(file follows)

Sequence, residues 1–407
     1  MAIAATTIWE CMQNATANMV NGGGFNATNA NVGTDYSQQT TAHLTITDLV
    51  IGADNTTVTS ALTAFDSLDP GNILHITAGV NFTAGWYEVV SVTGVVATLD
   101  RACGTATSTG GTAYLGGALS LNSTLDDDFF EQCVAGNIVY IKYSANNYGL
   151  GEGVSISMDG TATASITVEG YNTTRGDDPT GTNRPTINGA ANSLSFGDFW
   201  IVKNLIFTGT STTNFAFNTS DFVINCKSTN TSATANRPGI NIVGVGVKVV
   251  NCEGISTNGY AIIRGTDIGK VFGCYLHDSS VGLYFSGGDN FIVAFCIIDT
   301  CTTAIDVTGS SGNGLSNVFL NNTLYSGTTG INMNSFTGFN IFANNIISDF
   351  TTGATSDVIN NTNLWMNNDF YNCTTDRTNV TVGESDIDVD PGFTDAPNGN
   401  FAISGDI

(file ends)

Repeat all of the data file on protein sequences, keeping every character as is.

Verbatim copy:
Sequence, residues 1–407
     1  MAIAATTIWE CMQNATANMV NGGGFNATNA NVGTDYSQQT TAHLTITDLV
    51  IGADNTTVTS ALTAFDSLDP GNILHITAGV NFTAGWYEVV SVTGVVATLD
   101  RACGTATSTG GTAYLGGALS LNSTLDDDFF EQCVAGNIVY IKYSANNYGL
   151  GEGVSISMDG TATASITVEG YNTTRGDDPT GTNRPTINGA ANSLSFGDFW
   201  IVKNLIFTGT STTNFAFNTS DFVINCKSTN TSATANRPGI NIVGVGVKVV
   251  NCEGISTNGY AIIRGTDIGK VFGCYLHDSS VGLYFSGGDN FIVAFCIIDT
   301  CTTAIDVTGS SGNGLSNVFL NNTLYSGTTG INMNSFTGFN IFANNIISDF
   351  TTGATSDVIN NTNLWMNNDF YNCTTDRTNV TVGESDIDVD PGFTDAPNGN
   401  FAISGDI